When the sweet wind did gently kiss the trees
And they did make no noise, in such a night
Troilus methinks mounted the Troyan walls
And sigh’d his soul toward the Grecian tents,
My mistress will before the break of day
Be here at Belmont; she doth stray about
By holy crosses, where she kneels and prays
Here will we sit and let the sounds of music
Creep in our ears: soft stillness and the night
Become the touches of sweet harmony.
Sit, Jessica. Look how the floor of heaven
Is thick inlaid with patines of bright gold:
There’s not the smallest orb which thou behold’st
But in his motion like an angel sings,
Still quiring to the young-eyed cherubins;
Such harmony is in immortal souls;
But whilst this muddy vesture of decay
Doth grossly close it in, we cannot hear it.
Come, ho! and wake Diana with a hymn!
With sweetest touches pierce your mistress’ ear,
And draw her home with music.
For do but note a wild and wanton herd,
Or race of youthful and unhandled colts,
Fetching mad bounds, bellowing and neighing loud,
Which is the hot condition of their blood;
If they but hear perchance a trumpet sound,
Or any air of music touch their ears,
You shall perceive them make a mutual stand,
Their savage eyes turn’d to a modest gaze
By the sweet power of music: therefore the poet
Did feign that Orpheus drew trees, stones and floods;
Since nought so stockish, hard and full of rage,
But music for the time doth change his nature.
The man that hath no music in himself,
Nor is not moved with concord of sweet sounds,
Is fit for treasons, stratagems and spoils;
The motions of his spirit are dull as night
And his affections dark as Erebus:
Let no such man be trusted. Mark the music.
When neither is attended, and I think
The nightingale, if she should sing by day,
When every goose is cackling, would be thought
No better a musician than the wren.
How many things by season season’d are
To their right praise and true perfection!
Peace, ho! the moon sleeps with Endymion
You swore to me, when I did give it you,
That you would wear it till your hour of death
And that it should lie with you in your grave:
Though not for me, yet for your vehement oaths,
You should have been respective and have kept it.
Gave it a judge’s clerk! no, God’s my judge,
The clerk will ne’er wear hair on’s face that had it.
To part so slightly with your wife’s first gift,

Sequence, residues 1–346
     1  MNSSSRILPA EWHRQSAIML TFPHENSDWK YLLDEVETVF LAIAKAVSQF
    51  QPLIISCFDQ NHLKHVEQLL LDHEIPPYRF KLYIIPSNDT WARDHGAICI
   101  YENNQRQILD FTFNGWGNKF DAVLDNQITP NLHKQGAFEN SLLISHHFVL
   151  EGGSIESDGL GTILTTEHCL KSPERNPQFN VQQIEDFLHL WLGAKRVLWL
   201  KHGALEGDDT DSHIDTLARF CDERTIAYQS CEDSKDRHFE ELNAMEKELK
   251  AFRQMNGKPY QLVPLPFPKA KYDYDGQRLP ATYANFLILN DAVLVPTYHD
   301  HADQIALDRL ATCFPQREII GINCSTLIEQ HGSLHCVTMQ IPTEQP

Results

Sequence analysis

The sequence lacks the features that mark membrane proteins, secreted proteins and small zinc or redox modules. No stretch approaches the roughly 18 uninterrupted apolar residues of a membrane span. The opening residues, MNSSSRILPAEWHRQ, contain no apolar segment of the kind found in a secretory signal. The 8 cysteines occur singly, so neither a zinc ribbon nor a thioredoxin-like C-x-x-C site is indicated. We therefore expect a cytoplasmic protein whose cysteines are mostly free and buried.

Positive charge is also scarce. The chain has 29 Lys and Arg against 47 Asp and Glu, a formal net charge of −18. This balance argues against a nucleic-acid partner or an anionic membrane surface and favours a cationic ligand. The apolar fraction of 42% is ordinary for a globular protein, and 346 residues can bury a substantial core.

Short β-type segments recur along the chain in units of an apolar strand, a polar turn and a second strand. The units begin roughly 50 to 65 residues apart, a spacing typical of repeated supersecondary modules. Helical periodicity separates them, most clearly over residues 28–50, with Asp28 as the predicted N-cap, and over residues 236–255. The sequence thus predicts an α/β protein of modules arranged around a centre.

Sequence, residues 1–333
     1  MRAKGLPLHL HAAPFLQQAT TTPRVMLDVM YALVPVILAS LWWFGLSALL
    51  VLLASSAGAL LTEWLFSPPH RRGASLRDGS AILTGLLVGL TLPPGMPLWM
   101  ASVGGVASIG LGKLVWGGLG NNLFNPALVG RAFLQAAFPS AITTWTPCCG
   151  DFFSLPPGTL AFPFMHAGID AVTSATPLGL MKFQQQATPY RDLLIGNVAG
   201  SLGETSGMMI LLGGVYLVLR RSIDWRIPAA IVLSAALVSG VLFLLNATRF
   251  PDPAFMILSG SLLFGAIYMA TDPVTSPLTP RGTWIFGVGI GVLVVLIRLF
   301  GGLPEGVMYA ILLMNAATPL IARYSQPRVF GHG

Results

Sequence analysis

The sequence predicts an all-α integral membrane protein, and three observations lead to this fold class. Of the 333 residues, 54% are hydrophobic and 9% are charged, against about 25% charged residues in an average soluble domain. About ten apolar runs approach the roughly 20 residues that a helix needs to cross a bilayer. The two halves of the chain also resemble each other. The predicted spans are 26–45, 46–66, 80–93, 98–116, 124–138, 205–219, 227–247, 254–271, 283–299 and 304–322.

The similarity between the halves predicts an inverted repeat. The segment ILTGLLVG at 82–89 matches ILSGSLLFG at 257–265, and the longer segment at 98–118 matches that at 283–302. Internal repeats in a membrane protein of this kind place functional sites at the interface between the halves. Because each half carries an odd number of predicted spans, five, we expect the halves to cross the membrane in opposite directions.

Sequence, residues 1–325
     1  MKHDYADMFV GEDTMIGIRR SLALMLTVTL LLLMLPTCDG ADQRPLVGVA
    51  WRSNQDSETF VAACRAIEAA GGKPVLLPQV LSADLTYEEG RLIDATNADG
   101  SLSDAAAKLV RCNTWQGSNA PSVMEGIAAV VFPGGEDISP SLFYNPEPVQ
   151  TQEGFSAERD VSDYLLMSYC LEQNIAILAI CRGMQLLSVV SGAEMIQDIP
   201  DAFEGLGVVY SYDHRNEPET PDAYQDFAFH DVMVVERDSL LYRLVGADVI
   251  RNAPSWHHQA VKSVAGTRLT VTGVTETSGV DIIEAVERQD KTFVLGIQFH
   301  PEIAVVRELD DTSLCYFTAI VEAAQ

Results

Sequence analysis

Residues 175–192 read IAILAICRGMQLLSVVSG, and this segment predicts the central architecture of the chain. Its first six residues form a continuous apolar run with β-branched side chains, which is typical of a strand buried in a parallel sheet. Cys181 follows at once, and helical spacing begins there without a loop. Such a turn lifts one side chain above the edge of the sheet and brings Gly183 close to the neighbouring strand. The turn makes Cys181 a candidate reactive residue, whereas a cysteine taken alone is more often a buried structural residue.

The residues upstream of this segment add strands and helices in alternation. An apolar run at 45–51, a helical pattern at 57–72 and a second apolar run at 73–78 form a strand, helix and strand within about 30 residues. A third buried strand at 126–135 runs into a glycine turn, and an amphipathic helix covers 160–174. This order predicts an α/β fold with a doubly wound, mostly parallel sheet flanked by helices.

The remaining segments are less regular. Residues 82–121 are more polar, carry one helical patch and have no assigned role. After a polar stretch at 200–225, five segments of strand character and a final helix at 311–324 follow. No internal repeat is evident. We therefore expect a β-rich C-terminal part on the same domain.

A thing stuck on with oaths upon your finger
And so riveted with faith unto your flesh.
I gave my love a ring and made him swear
Never to part with it; and here he stands;
I dare be sworn for him he would not leave it
Nor pluck it from his finger, for the wealth
That the world masters. Now, in faith, Gratiano,
You give your wife too unkind a cause of grief:
An ‘twere to me, I should be mad at it.
Unto the judge that begg’d it and indeed
Deserved it too; and then the boy, his clerk,
That took some pains in writing, he begg’d mine;
And neither man nor master would take aught
Or half her worthiness that gave the ring,
Or your own honour to contain the ring,
You would not then have parted with the ring.
What man is there so much unreasonable,
If you had pleased to have defended it
With any terms of zeal, wanted the modesty
To urge the thing held as a ceremony?
Nerissa teaches me what to believe:
I’ll die for’t but some woman had the ring.
No woman had it, but a civil doctor,
Which did refuse three thousand ducats of me
And begg’d the ring; the which I did deny him
And suffer’d him to go displeased away;
Even he that did uphold the very life
Of my dear friend. What should I say, sweet lady?
I was enforced to send it after him;
I was beset with shame and courtesy;
My honour would not let ingratitude
So much besmear it. Pardon me, good lady;
For, by these blessed candles of the night,
Had you been there, I think you would have begg’d
The ring of me to give the worthy doctor.
Since he hath got the jewel that I loved,
And that which you did swear to keep for me,
I will become as liberal as you;
I’ll not deny him any thing I have,
No, not my body nor my husband’s bed:
Know him I shall, I am well sure of it:
Lie not a night from home; watch me like Argus:
If you do not, if I be left alone,
Now, by mine honour, which is yet mine own,
I’ll have that doctor for my bedfellow.
And, in the hearing of these many friends,
I swear to thee, even by thine own fair eyes,
Here is a letter. Read it at your leisure;
It comes from Padua, from Bellario.
There you shall find that Portia was the doctor,
Nerissa there her clerk. Lorenzo here
Shall witness I set forth as soon as you
And even but now return’d. I have not yet
Enter’d my house. Antonio, you are welcome;
And I have better news in store for you
Than you expect. Unseal this letter soon.
There you shall find three of your argosies
Are richly come to harbour suddenly.
You shall not know by what strange accident
That my Nerissa shall be sworn on is,
Whether till the next night she had rather stay,
Or go to bed now, being two hours to day:
But were the day come, I should wish it dark,
That I were couching with the doctor’s clerk.
Well, while I live I’ll fear no other thing
So sore as keeping safe Nerissa’s ring.